THEY SAY GROWTH IS inevitable, and that’s why elected officials are bent on making room by the year 2050 for what some officials estimate will be 9.4 million new residents in the county. But “inevitable” is a truth not necessarily because it’s true, but because it’s repeated so often.
Follow the river of money from multistory housing developers into the campaign coffers of the mayor and Los Angeles City Council, then listen to officials — from Mayor Antonio Villaraigosa to Council Member Ed Reyes to mayoral appointee and Planning Commissioner Mike Woo — speak of the “inevitability” that Angelenos will live in condos or apartments near bus and rail stations — and reduce their driving.
Yet there’s no guarantee that City Hall’s design for the Valley, based upon so-called smart-growth policies, will be anything short of a congestion disaster. Urban-growth expert Wendell Cox of Public Purpose pointed out in 2001 that cities that pursue smart-growth policies to promote higher density along transit lines see an increase in traffic, pollution and other urban ills.
Recent surveys by the Los Angeles Times, UC Berkeley and Cal Poly Pomona show that few Southern Californians living in the new high-density apartments and condos along transit corridors end up abandoning their cars to get to work — a measly 6 percent.
Smart growth’s powerful proponents, such as Los Angeles City Council President Eric Garcetti, insist that commuting to work constitutes fewer than one-quarter or so of car trips made by Angelenos daily. It's all the other car trips — shopping, ferrying kids — that feed gridlock.
Garcetti speculates that in dense new communities with ground-floor shops and people living above, people will largely stay off the roads to shop locally. As Garcetti imagines things, “Maybe you’ve got a dry cleaner or a video store that you can take the elevator to.”
“Maybe” is a big word to hang on the city’s hurried frenzy of redevelopment. So far, smart growth has been a formula for worse traffic — the loudest complaint voiced by neighborhood councils opposing rezoning across the Valley.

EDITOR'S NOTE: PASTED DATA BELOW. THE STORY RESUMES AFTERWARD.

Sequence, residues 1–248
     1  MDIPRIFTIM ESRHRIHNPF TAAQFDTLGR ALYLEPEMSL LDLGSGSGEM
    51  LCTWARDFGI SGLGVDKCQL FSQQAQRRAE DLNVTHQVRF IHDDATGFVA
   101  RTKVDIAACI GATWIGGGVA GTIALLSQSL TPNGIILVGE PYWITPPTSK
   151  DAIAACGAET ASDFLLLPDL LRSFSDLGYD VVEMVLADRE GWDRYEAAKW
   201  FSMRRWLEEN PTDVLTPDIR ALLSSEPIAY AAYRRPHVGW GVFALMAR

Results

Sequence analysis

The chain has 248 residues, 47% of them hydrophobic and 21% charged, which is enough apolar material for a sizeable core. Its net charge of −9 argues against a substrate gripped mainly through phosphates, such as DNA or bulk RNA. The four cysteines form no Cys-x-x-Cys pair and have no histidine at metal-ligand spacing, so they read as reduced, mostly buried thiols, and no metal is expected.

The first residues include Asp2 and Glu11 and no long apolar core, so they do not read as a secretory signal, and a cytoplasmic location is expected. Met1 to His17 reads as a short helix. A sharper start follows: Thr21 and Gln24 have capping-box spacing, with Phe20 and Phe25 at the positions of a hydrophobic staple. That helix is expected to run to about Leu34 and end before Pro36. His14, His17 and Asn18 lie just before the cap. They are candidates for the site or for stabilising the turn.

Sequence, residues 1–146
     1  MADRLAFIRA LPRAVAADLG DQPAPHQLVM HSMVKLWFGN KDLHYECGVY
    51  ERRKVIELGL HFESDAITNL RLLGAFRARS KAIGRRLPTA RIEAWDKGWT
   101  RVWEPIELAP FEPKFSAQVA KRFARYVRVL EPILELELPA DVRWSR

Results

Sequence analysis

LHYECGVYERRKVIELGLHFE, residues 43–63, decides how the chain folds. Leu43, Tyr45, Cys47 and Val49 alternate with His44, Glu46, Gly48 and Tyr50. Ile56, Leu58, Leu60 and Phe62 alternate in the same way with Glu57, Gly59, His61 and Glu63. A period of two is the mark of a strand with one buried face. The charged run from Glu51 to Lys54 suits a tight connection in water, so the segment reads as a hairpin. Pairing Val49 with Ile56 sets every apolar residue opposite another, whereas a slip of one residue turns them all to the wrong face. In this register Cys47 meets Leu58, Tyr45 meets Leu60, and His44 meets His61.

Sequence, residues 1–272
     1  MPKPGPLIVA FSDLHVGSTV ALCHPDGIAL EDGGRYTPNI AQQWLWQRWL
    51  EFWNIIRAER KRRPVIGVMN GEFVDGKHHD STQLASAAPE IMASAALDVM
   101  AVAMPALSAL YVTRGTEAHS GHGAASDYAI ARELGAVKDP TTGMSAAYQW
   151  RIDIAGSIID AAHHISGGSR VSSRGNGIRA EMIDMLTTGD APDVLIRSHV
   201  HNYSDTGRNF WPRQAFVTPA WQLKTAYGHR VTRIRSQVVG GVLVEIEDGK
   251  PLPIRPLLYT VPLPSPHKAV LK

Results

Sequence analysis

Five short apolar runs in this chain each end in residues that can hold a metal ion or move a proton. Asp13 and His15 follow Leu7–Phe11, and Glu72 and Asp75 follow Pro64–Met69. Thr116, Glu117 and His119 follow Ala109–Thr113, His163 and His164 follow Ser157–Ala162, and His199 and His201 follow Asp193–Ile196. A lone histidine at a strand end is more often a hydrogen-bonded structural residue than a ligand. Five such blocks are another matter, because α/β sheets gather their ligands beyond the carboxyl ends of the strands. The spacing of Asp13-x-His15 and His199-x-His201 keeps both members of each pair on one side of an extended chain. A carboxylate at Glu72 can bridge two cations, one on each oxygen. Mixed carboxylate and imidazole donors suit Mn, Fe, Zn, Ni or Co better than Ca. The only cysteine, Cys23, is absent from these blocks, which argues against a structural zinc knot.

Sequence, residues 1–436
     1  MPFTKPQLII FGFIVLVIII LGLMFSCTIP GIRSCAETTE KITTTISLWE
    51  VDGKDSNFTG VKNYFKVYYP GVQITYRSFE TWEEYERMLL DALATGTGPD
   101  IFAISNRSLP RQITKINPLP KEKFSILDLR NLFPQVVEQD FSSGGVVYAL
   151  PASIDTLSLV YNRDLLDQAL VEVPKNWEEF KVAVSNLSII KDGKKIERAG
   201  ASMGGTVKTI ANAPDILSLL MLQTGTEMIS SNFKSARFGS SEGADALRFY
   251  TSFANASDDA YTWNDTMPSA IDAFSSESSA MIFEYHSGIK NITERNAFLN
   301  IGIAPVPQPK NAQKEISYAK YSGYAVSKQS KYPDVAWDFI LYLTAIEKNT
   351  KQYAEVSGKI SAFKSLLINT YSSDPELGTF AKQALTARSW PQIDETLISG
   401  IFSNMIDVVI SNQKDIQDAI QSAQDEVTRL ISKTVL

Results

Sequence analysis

In many cases, dense developments in the Valley crop up when neighbors either aren’t aware or don’t care. But recent history shows that when neighborhood councils have spoken up, there’s nothing inevitable about them.
Mitchell Englander, chief of staff for Councilman Greig Smith, whose district includes Arno’s egg farm, says: “Nobody knows more what’s going on block by block than the very people who live there… In 99 percent of the cases, we’ve upheld the neighborhood council decisions.”
Nonetheless, Arno harbors no illusions about the durability of his farm in the face of City Hall’s pro-density climate.
“That could be paranoia speaking,” Arno admits, “but I have a reason to be paranoid.”
KEN ARNO IS ATEDDY BEAR of a man with a big laugh, a short temper and a deep disdain for government corruption. (For decades, he refused to pay federal taxes to, he says, protest the wars and the war profiteers.) He has lived in the Valley since he was 2, and attended nearby Birmingham High School. “This is my neighborhood,” he says.
Around the time he started leasing the 3-acre property in 1988, Arno worked as a smog-check technician. His escape was gardening. Eventually, Arno and his partner, Doreen Radogna, got a few chickens. Explains Arno, “I ended up putting the chicken manure in my garden, which did wonders for the produce.”
In 1994, the county certified his farm, and he headed to the Encino farmers market with a single crate of eggs — selling them all in half an hour. But he began getting drawn into small scrapes with the city after a then-neighbor complained about the noise from a small gaggle of Arno’s geese. “I don’t really blame him for complaining,” Arno reflects. “I just wish he’d come to me.”